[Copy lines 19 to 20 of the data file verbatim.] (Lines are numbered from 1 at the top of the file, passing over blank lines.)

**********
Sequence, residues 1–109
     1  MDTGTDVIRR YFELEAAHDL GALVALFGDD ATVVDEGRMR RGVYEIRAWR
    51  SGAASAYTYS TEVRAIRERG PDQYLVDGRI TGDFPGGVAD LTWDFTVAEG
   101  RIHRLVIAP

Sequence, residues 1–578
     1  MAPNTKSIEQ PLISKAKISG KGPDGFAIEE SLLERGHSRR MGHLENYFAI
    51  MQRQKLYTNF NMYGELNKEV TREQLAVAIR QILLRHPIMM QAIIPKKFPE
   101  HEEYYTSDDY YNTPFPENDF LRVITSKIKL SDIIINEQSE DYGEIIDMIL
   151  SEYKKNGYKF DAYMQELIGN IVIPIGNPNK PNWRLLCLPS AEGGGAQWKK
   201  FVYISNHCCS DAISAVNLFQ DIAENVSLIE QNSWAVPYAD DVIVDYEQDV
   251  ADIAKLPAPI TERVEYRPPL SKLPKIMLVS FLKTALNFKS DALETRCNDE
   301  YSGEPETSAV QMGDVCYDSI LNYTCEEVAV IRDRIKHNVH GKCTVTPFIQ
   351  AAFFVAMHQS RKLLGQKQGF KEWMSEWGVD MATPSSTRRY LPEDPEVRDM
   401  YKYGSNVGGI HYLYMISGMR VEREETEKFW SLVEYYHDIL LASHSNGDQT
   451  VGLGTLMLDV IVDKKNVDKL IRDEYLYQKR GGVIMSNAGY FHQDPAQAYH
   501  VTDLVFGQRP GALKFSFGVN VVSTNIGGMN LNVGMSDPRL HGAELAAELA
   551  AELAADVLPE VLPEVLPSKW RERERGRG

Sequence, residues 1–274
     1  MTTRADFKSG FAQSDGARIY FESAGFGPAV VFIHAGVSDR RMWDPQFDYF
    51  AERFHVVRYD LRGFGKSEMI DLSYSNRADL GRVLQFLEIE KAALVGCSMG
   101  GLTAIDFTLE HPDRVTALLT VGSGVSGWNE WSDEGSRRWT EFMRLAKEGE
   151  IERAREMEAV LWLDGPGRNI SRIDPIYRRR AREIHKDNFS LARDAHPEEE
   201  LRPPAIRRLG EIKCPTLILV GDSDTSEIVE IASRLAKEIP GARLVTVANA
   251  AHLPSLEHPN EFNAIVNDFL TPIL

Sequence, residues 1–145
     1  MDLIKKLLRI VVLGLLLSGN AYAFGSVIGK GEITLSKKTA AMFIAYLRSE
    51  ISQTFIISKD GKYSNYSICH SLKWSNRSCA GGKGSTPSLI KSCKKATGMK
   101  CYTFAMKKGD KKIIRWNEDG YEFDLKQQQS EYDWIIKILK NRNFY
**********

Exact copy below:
     1  MTTRADFKSG FAQSDGARIY FESAGFGPAV VFIHAGVSDR RMWDPQFDYF
    51  AERFHVVRYD LRGFGKSEMI DLSYSNRADL GRVLQFLEIE KAALVGCSMG